Today's emerging talents in architecture are redefining the profession with global practices that are digitally literate and operate at multiple scales of design. This liberation of scale has allowed architects to look at issues from interiors to urban planning in new and innovative ways. Nahyun Hwang and David Eugin Moon—principals of N H D M studio—are representative of this new wave of architectural thinking. Docents will explore the scale, purpose, program, function, and history of the work of this exciting studio. 

categories: Gallery Talks and Tours

November 14



Thursday, November 14, 6 pm - 7:30 pm
Helmut Stern Auditorium

CNN foreign affairs correspondent and UM alumna Jill Dougherty will give the keynote address for this year's History of Art Freer Symposium, "Arts of the Arab World Uprisings". Dougherty has traveled widely with former Secretary of State Hilary Clinton and reported from more than 50 countries including Afghanistan, Iraq, and North Korea. During the recent Middle East uprisings, images were disseminated through countless venues as demonstrators and others turned to using their cameras, photographs, computers, pens, and paints to create visualized forms of dissent while simultaneously communicating politicized messages and building records of the ongoing upheavals. The resulting flood of images of torture, violence, anger, frustration, joy, and hope resulted from participant observation and eyewitness journalism, in turn coalescing into a larger visual amalgam through the cybermedia. As communicative devices, images have played a key role in contesting the status quo, building group consensus, and securing support locally and internationally. This symposium explores these visual arts and other expressive media, bringing together internationally acclaimed journalists, writers, bloggers, activists, cinematographers, photographers, cartoonists, and scholars whose work explores or makes use of image-based modes of communication. More info at www.lsa.umich.edu/histart/ArtsOfTheArabWorldUprisings. This program is co-sponsored by UMMA. The conference is organized by Professors Christiane Gruber (History of Art) and Juan Cole.

http://www.lsa.umich.edu/histart/events/artsofthearabworlduprisings


categories: Special Events

November 15



Friday, November 15, 9 pm - 5 pm
4th Floor East Conference Room, Rackham Graduate School
915 E Washington St

Ann Arbor, MI 48109

Spring 2011 was a riveting moment across the Middle East. Beginning with popular demonstrations in Tunisia that resulted in the January ousting of longtime president Ben Ali, the uprisings subsequently spread to a number of other countries, including Egypt, Libya, Yemen, Bahrain, Iran, and Syria (where violence continues unabated today). These uprisings were dubbed the "Arab Spring" due to their timing and the hope for democratic change that they seemed to promise. Although they did not just take place in Arab lands and their courses remain unclear as various political parties continue to vie for power today, their images nevertheless have remained indelible in the minds of those who participated in demonstrations or watched the events unfold. This is especially the case for Egypt where televised reports - both past and ongoing - have allowed demonstrators to address both the Mubarak and Morsi regimes as well as an international viewership. Over and again, government-controlled modes of communication were circumvented as a number of other media allowed for an alternative (and arguably more accurate) recording of events on the ground. The dissemination of images trickled through countless venues as demonstrators and other individuals turned to using their own cameras, photographs, and paints to create visualized forms of dissent. This flood of images of torture, violence, anger, joy, and hope resulted from participant observation and eyewitness journalism, in turn coalescing into a larger visual amalgam through the cybermedia. This symposium explores the various roles and functions played by the visual arts and other expressive media in the recent Middle East Uprisings by bringing together internationally acclaimed and award-winning journalists, bloggers, activists, cinematographers, photographers, writers, and art historians. This collaborative enterprise seeks to bridge several disciplines within academia while also placing scholars in conversation with activists and journalists active on the ground. The conference is organized by Professors Christiane Gruber (History of Art) and Juan Cole (History and CMENAS).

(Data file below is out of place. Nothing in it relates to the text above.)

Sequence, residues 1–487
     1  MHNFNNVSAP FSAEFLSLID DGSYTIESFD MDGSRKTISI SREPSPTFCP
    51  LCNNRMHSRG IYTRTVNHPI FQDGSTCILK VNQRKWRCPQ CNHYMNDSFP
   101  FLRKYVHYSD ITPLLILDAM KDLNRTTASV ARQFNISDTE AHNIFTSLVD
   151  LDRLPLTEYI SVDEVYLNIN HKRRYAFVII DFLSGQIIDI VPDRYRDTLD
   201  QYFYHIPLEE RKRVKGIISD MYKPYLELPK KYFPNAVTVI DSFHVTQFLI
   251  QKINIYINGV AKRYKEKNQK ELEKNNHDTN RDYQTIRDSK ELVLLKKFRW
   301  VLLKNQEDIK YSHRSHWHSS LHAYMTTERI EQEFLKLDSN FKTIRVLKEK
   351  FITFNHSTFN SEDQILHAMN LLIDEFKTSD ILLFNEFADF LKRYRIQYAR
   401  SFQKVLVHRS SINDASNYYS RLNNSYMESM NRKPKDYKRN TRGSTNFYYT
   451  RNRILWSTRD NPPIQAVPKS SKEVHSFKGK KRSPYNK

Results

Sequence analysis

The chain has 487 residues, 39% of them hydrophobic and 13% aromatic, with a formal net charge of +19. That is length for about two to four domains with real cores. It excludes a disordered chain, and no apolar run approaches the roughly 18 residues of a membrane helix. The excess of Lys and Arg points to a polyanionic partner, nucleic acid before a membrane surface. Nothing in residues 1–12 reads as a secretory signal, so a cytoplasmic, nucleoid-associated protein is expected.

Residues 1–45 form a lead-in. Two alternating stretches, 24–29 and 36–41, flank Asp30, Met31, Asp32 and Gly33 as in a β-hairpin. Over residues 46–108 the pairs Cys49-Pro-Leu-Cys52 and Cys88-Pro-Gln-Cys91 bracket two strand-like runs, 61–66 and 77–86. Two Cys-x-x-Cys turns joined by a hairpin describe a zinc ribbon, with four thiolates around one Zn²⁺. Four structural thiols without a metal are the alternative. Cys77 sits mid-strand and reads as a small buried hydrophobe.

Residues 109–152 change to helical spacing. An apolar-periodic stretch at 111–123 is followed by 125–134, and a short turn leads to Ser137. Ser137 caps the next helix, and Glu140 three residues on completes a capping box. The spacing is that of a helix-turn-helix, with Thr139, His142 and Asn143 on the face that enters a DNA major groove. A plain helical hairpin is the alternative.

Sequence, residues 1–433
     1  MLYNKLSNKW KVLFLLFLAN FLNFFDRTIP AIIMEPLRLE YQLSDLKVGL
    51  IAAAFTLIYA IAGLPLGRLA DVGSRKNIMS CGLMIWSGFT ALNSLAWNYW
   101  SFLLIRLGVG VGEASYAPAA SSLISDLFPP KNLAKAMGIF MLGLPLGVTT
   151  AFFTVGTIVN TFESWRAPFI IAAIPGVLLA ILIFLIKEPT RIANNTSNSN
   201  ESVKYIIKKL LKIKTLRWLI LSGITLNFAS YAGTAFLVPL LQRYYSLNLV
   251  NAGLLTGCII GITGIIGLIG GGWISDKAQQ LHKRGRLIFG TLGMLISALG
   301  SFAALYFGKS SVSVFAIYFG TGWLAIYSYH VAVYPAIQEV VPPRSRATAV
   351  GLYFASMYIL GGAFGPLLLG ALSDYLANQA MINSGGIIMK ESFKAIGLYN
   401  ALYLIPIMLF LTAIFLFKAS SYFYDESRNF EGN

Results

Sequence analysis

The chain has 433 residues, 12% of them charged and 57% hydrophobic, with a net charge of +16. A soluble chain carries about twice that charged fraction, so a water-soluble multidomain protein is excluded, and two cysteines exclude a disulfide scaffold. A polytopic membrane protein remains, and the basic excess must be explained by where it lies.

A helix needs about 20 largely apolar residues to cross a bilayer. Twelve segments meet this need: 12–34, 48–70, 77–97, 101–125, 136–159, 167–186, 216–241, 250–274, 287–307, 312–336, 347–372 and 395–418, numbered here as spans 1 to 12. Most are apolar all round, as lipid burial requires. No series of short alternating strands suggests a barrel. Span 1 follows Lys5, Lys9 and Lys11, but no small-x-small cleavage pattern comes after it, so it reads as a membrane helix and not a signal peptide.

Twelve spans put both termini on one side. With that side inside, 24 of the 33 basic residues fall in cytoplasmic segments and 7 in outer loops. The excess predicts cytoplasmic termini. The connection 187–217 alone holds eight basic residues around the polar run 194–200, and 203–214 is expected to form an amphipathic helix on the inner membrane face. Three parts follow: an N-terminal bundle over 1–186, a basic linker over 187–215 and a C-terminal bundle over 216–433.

http://www.lsa.umich.edu/histart/events/artsofthearabworlduprisings

categories: Writers Series

November 17

Guided Tour

Sunday, November 17, 1 pm - 2 pm

UMMA docents will guide visitors through the galleries on tours as diverse as their interests and areas of expertise. Each docent plans a theme and includes a variety of styles and media to illuminate his or her ideas. Themes may be repeated but each docent's approach and choice of objects is unique.